They passed the five and dime on the corner of his old street. Tobe was still sitting out front under the awning with his peg leg, courtesy of a barge accident, propped up on a plastic bucket. Mothers and their broods were hanging laundry on the lines that crisscrossed between the buildings and shacks. Wyatt recognized some of them and felt a trickle of adrenaline, and the uptick of his heart. It was only a matter of time before he ran into a banger.
They came to the house he’d grown up in. Smoke wisps blew out the chimney, and shouting, just as it ever had, drifted out the windows sheeted by plastic and duct tape. Fading graffiti spoke in rude idioms across the brick.
“There it is,” he said. “I can’t say I miss it. It ain’t like a whole lotta good ever happened there.”
She could tell his mood had slumped. “Hey Wy, it’s all good. If we were up in my hood looking at all the different camps and flops my padre dragged us through, I’d feel about the same. But I do like you showin’ me.”
“I know ya like it when I show ya,” a small smile cracked his lips. “But yeah, this house, it don’t hold any memories I like to dwell on. A few weeks after I got jumped into the Ratter’s, Polly ran away and I ain’t seen her since. Mom lost it bad after that. I came home after a run on a warehouse for Lil Dem and found her dead. Empty nep baggies were all over the bed.”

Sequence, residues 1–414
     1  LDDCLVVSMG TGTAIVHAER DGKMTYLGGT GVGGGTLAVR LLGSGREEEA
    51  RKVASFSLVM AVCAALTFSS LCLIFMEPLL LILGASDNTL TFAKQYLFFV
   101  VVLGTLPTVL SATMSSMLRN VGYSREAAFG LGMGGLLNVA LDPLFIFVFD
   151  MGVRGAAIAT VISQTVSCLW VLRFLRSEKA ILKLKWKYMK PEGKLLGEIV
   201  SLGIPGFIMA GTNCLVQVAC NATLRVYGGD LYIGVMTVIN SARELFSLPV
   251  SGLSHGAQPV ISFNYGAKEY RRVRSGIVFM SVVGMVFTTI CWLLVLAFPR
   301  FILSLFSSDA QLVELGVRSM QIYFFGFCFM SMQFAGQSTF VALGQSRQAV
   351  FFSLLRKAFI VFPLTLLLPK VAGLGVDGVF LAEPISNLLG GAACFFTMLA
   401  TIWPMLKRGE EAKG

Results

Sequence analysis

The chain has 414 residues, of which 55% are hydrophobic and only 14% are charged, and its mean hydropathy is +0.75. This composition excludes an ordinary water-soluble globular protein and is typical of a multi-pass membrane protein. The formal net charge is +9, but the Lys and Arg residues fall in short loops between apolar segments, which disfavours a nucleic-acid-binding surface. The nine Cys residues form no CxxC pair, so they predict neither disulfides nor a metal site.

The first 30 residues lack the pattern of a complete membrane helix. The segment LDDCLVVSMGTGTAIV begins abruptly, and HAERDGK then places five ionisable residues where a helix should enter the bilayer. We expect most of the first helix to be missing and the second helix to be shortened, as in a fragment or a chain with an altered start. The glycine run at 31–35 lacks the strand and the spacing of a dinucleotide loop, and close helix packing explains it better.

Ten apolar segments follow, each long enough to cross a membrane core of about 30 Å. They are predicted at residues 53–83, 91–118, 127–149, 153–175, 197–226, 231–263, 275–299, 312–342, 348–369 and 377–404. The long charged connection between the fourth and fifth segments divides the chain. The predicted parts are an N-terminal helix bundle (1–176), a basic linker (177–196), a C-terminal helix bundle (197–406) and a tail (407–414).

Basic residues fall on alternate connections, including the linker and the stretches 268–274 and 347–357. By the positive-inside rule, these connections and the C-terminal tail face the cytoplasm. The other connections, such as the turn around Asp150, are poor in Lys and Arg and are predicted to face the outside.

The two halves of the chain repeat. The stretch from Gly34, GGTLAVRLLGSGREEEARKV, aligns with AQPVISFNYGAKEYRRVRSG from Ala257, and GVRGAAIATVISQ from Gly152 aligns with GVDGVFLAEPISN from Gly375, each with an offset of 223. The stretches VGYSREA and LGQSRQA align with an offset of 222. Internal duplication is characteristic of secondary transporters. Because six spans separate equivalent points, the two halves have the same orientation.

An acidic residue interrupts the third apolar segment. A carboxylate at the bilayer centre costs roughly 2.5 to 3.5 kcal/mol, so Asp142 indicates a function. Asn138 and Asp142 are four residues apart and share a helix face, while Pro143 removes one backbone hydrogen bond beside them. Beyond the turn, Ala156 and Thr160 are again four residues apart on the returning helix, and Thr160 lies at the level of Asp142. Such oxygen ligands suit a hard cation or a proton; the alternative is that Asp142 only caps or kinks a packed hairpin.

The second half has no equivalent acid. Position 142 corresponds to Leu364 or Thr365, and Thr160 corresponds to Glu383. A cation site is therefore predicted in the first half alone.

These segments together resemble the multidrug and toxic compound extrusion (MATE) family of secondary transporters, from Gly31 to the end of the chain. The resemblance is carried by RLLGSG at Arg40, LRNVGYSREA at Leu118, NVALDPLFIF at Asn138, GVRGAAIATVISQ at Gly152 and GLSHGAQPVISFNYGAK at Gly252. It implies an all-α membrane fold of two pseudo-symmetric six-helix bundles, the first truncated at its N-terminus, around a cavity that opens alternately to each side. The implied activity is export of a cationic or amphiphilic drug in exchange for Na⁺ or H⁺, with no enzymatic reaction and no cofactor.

"Hell, I’m sorry, I shoulda known better than to ask you take me to this place, stirring things up.”
“Don’t worry bay, we got this.” Wyatt squeezed Magdalena’s hand.
“My padre done got himself hanged because of nep,” Magdalena said. “He shot a man in the back for a fix, and then the Loco’s came down on him, ‘cause the man he killed was one of them. So they caught him, and noosed him up in a tree for everyone to see. I wanted to cut him down and bury him but Max wouldn’t let me. After that, I hated Max, and Max started losing his memory from the drug, and I couldn’t deal with all that drama. Then my drinking got worse.”
Nobody knew who’d brewed up the first batch of nepenthe. Some speculated it was the Chinese, or the Russians adding fuel to the fentanyl flames in a plan to further deteriorate and demoralize the American republic. People in politics still blamed Islamic terrorist cells, or on the troops who’d brought it home from the Middle East and formed gangs to distribute it when they couldn’t adapt to realities at home in the fading empire. Others said it came from a big pharma lab up in Canada, that it had been part of an Alzheimer’s cure when the recipe got leaked onto what remained of the dark net.
After an intense bout of pain numbing euphoria, nepenthe reworked the memory circuits of the brain resetting the short term, so the person who took it couldn’t recall they had taken it. It pulled the blackout curtain down over what they’d done while under its influence. The fact that it was highly addictive made it a royal pain to get off of because they hardly remembered taking it in the first place. For those who got hooked long term memories disintegrated over time into nothing until they ambled around the world like someone with dementia.
“We stopped staying here after mom died and went to live in the Rathaus. Brett’s a bit schizo, has these super hyper moods, and then he can’t get out of bed for days. It got worse when he got jumped in. He got tight with some of the upper crew and didn’t listen to me much after that.